The party also said that all ministers implicated in Madonsela’s report, some of whom are in the security cluster, should not be reappointed to the new Cabinet.
But clearly the ANC government is not daunted by the opposition parties, and believes that for as long as it commands the overwhelming majority of the vote and dominates in Parliament, it faces no serious challenge.
There was another strong voice on Nkandla on Thursday, even before the security cluster ministers made their announcement. Metalworkers’ union Numsa held a central committee meeting this week and one of its decisions was that Zuma should resign following the Nkandla scandal. Numsa also called for he resignation of the ministers “who scandalously defended the president and who misled the public on Nkandla”.
Numsa also analysed the outcome of the elections and presented figures to the media showing “the glaring diminishing support for the ANC in the voting trends since 1994”.
“While the ANC celebrates their 62% victory and lays claims that their support base has not shifted below 60%, this is both misleading and in fact completely fallacious,” Numsa general secretary Irvin Jim said. “Combined, out of the total potential and actually registered voters in South Africa today, analysis of election statistics confirms that the ANC has been, this year, elected into government by a mere 36% of all those who were eligible to vote.”
On the back of these statistics, Numsa is now more definitive about its intentions to establish a working class political movement, dubbed for now as the “United Front”. The number of potential voters who did not vote showed that the working class was looking for an alternative to the ruling party, Jim said.
“The 10% loss of votes in Gauteng and a mere 48% of votes in Nelson Mandela Bay spells a disaster for all progressive forces,” he said. “The working class needs its own political party,” he said.
“The [central committee] was clear that building the Front and the movement for Socialism is not a project to improve the ANC, to carry on doing useless Cardiac Pulmonary Resuscitation (CPR) on the ANC and SACP, nor to resuscitate another neoliberal discourse. This engagement is about nothing else but the working class organising itself as a class for itself, for the war to win socialism.”
Numsa does not want to transform itself into a political party but seeks to be the catalyst to mobilise left leaning political parties, trade unions and civil society organisations to come together under an umbrella of a working class movement. It wants to hold a consultative conference for all such organisations by the end of this year and work towards the establishment of a worker party by March next year. The party could contest the 2016 local government elections.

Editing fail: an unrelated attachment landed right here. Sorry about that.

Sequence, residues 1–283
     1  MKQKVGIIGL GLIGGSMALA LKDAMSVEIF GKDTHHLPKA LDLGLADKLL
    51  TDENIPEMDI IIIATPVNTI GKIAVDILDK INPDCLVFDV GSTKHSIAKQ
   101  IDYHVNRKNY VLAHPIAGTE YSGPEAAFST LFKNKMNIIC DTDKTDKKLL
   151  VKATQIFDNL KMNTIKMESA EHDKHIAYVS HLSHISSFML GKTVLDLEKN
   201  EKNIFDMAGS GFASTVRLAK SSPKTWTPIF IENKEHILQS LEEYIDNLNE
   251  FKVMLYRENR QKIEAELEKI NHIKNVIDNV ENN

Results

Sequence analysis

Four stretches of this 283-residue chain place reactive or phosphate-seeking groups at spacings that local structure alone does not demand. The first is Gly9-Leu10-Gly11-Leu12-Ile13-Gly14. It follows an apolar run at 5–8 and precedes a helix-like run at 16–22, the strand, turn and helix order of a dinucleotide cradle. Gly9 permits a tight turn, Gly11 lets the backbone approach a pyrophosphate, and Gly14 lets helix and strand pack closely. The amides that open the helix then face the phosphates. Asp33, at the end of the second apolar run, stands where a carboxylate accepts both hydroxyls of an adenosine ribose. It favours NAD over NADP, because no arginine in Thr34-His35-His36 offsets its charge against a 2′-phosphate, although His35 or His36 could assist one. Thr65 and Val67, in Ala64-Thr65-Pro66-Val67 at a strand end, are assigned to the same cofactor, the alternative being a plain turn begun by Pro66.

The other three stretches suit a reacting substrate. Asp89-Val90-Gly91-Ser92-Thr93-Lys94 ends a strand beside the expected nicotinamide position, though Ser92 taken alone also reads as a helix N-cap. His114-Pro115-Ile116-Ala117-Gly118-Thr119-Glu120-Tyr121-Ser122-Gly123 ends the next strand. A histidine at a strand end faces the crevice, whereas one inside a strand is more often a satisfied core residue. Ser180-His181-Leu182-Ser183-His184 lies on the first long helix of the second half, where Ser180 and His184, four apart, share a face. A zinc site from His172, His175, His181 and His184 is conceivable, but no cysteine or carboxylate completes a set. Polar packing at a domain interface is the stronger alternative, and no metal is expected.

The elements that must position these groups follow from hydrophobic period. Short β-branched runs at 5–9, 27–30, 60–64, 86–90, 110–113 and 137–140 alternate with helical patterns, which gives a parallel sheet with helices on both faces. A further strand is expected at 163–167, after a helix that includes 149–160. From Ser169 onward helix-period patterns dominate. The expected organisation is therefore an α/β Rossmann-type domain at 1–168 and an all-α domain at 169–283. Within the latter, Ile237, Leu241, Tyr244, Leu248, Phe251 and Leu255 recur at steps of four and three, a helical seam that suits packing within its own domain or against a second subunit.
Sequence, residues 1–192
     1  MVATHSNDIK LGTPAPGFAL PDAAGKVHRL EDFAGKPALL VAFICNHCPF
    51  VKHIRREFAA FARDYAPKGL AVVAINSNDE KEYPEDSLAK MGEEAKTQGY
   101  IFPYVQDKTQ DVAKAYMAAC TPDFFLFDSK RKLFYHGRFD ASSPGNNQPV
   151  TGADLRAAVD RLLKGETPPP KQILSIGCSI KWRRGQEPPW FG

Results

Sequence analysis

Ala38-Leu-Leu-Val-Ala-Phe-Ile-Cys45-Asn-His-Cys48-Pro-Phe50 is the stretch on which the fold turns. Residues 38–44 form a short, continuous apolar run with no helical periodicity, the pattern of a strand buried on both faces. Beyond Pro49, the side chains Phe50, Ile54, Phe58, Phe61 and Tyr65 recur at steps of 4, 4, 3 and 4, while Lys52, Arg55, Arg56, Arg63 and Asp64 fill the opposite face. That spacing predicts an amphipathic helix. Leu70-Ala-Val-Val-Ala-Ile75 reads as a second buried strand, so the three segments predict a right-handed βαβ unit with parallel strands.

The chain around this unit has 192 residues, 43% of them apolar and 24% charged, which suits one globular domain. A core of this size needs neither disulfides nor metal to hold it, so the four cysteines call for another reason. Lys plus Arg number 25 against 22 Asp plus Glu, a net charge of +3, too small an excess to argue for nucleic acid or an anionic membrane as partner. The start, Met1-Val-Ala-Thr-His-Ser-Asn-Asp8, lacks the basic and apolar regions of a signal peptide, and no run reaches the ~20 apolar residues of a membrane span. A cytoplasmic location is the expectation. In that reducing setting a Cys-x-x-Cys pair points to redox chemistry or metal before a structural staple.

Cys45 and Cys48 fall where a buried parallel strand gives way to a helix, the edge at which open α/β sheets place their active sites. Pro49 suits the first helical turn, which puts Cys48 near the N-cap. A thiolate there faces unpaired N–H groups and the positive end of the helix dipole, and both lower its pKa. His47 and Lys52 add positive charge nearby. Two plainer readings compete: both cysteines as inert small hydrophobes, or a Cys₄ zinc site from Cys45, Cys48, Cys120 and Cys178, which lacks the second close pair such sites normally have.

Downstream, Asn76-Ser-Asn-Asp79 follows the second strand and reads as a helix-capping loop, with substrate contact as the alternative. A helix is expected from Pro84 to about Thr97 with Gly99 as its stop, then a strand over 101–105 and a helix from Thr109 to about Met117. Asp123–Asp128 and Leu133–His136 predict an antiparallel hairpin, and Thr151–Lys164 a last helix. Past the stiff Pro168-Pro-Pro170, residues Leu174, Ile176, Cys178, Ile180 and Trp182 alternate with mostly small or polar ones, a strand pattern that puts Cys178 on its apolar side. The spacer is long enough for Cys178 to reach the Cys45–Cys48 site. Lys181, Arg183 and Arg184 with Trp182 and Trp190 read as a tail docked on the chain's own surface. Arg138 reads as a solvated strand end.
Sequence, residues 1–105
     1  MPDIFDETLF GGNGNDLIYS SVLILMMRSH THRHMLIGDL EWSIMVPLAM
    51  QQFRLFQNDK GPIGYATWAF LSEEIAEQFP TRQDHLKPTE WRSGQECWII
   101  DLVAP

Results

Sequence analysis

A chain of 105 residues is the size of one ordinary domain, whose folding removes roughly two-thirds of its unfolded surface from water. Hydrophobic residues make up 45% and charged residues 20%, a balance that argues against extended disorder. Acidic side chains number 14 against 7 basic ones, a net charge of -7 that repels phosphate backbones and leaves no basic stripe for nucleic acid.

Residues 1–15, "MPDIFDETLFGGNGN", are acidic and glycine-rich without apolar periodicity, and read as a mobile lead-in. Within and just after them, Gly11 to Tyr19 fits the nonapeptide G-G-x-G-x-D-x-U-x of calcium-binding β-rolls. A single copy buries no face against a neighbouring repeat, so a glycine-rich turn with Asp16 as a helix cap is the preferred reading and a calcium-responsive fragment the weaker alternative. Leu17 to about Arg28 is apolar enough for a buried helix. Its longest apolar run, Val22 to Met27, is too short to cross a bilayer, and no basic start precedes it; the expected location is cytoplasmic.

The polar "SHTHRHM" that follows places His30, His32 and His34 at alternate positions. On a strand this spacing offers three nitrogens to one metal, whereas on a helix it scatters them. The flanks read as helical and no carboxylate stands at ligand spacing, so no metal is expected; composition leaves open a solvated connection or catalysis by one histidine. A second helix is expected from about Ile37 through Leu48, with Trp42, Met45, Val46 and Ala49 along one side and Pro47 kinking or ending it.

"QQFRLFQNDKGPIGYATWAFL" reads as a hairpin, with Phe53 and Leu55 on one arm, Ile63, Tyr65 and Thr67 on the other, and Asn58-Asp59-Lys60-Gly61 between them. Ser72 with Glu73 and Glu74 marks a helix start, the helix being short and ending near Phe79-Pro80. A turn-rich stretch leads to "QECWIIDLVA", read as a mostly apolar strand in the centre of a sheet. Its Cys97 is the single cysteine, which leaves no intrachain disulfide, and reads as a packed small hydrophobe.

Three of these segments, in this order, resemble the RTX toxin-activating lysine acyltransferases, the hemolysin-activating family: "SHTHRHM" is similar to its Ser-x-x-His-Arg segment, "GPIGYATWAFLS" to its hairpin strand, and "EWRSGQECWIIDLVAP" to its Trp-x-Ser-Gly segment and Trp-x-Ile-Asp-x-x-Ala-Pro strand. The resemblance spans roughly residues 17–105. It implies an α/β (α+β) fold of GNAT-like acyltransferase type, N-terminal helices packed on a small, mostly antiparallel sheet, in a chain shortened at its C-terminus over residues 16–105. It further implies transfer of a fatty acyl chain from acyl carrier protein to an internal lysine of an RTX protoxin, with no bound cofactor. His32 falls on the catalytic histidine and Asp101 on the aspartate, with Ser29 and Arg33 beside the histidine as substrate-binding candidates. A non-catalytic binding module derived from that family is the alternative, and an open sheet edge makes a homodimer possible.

While Jim had words of praise for the EFF and its “significant achievement” of 1.1 million votes in the elections, he would not say whether some of the common perspectives and constituencies would lead to any joining of forces. However, the EFF would be invited to participate in the consultative conference he said.
Numsa deputy general secretary Karl Cloete said when the workers’ party participated in the 2016 municipal elections and the 2019 national elections, “we want to capture political power in the state”. The intention was not to be in opposition, he said.
Numsa has now made it clear that it wants to “break” the alliance, but wants to remain within the trade union federation Cosatu. But it also wants to “begin the conversation” with other trade union federations Fedusa and Nactu, and unions, towards the establishment of a united, independent labour federation.
The metalworkers’ union is looking to cause a seismic shift in the political landscape in the next year. It has identified the ANC’s weaknesses and knows where to aim its missiles. While the DA, EFF and other opposition parties will have to concentrate their challenges through the processes in Parliament, Numsa is setting itself up to fight on several fronts.
It may be some time before government is made to think twice before undertaking controversial moves, like the consistently shocking approach to the Nkandla matter. However, it will be foolish to underestimate the power of an organised formation that is able to marshal the working class, disgruntled communities engaged in protest action, the youth, the unemployed and the millions of apathetic people who did not vote in last week’s elections.
As commentator Moeletsi Mbeki pointed out on the John Robbie Show on Radio 702 last Thursday, organised unions could be a serious threat to the government - as in other parts of Southern Africa. In Zambia, President Kenneth Kaunda lost to Frederick Chiluba's unions; in Zimbabwe, President Robert Mugabe had to use force to claw back the elections he and his party lost to Morgan Tsvangirai and the Movement for Democratic Change a few years back.
A political party launched by a union as tightly controlled as Numsa is bound to present significant challenges to the ANC and its government. An organisation backed by Numsa is bound to be well-organised and resourced, disciplined and ideologically resolute – not a political opponent the ruling party will enjoy fighting against.
Cosatu itself would have to undergo massive internal surgery to survive the pressure it is under, and the new onslaught from Numsa. It is not at all likely that the resulting organisation would be as slavishly devoted to ANC's triumph as it was in the years since 1994. Or friendly at all.
The ground is shifting noticeably; the ANC’s might feel pretty invincible and comfortable right now - even arrogant. If last week's elections were anything to go by, unfettered power will soon be a thing of the past. DM
Photo: Numsa's Irvin Jim (Greg Nicolson)
- Ranjeni Munusamy
- South Africa